Friday, May 04, 2007

Communicating Emotion in 3-D graphics & Machinima

CartoonBrew posted the original Tootsie Roll Pop commercial from the early 70s (animated by the great Fred Crippen, who did many fine Sesame Street animated shorts over the years) alongside the newly updated CGI version. Check them out here.

I think it would be difficult to argue the new version is better. But why, precisely? What is the visually fancier version lacking that the first has? The answer is found in a blog entry from the Free-Pixel blog: Emotion.

The blogger fiezi attended a presentation by Gilles Monteil, an animation researcher at Ubisoft, called "We All Want Emotions in Games!" He describes how three audience members were given laser pointers to aim at the screen, and to do whatever they wanted. (I've seen this happen spontaneously while waiting for Dailies to start at Sony) The audience reacted to what they perceived as a chase going on, but in reality, there were only moving dots. No textures, no geometry, no perceivable characters in the traditional sense. All that was there was rhythm, a sense of space, and a sense of interaction between entities.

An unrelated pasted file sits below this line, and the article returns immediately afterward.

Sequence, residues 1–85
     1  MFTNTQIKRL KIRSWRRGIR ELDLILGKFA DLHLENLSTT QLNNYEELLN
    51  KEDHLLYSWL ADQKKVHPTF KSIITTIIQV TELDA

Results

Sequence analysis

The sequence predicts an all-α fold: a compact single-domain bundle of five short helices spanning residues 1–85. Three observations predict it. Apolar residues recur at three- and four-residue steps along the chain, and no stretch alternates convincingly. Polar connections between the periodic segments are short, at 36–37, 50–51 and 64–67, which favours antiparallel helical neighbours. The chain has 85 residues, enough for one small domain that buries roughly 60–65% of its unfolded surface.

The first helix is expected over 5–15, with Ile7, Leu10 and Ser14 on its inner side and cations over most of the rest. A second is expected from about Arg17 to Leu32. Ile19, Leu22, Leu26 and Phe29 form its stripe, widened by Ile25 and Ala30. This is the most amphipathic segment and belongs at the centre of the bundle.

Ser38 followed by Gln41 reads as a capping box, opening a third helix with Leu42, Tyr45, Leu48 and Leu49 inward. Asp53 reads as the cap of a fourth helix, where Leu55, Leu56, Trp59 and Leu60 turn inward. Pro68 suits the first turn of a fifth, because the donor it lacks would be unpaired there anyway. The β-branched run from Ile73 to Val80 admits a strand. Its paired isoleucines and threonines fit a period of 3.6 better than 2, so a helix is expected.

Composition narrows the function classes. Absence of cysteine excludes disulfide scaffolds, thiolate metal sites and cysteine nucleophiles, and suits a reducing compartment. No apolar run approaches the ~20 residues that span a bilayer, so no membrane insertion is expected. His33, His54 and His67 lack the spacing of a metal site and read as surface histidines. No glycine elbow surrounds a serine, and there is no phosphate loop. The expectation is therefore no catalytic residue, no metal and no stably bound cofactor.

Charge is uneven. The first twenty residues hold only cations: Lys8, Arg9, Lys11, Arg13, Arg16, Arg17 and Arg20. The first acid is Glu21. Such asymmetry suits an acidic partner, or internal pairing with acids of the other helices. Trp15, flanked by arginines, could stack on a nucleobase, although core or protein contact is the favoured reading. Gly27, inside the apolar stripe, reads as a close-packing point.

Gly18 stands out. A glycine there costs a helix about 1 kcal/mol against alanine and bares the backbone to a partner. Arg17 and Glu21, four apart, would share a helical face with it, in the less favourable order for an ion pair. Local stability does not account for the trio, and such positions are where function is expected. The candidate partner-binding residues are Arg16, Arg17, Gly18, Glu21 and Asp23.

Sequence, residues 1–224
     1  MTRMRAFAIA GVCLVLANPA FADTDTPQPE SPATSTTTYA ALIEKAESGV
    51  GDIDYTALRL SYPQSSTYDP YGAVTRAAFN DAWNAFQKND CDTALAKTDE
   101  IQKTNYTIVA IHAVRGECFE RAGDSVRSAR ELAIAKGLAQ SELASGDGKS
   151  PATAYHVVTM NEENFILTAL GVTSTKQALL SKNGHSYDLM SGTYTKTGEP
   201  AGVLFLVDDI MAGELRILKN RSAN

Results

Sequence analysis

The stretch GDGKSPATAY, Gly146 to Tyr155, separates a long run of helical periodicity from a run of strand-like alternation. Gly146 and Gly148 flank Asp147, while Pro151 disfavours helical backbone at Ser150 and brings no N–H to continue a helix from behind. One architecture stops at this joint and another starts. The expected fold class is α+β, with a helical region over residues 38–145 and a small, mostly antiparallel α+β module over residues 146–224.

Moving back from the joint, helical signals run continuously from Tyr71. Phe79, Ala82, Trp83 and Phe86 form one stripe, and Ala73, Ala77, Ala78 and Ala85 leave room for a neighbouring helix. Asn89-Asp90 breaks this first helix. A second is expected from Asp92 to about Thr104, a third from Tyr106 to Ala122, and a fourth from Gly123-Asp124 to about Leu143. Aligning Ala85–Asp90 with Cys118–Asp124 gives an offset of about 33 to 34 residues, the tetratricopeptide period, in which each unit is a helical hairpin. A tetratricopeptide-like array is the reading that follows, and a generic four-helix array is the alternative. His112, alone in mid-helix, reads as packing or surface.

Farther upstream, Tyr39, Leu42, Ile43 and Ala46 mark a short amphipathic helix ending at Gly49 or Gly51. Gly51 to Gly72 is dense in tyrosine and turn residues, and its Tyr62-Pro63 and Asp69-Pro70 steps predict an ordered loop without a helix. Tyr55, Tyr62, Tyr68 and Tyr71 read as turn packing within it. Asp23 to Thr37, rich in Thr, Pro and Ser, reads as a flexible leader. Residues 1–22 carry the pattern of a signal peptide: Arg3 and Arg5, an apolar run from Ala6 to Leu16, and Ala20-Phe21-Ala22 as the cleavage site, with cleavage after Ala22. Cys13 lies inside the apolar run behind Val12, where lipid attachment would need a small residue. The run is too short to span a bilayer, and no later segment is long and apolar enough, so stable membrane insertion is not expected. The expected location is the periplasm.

This is basically the core of all visual design, and of performing arts like mime and dance, and it turns out, in computer games as well. The extras, like how characters are dressed, how spectacular the sets look, are secondary to the audiences emotional involvement. Yet, in game engine design (used by Machinima), the focus is on texture, lighting, and making things look spectacular.

That's great, but make certain you can invoke an emotional response, with your character design, posing, and motion first, then your textures and lighting.

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posted by Brian at 5:20 PM

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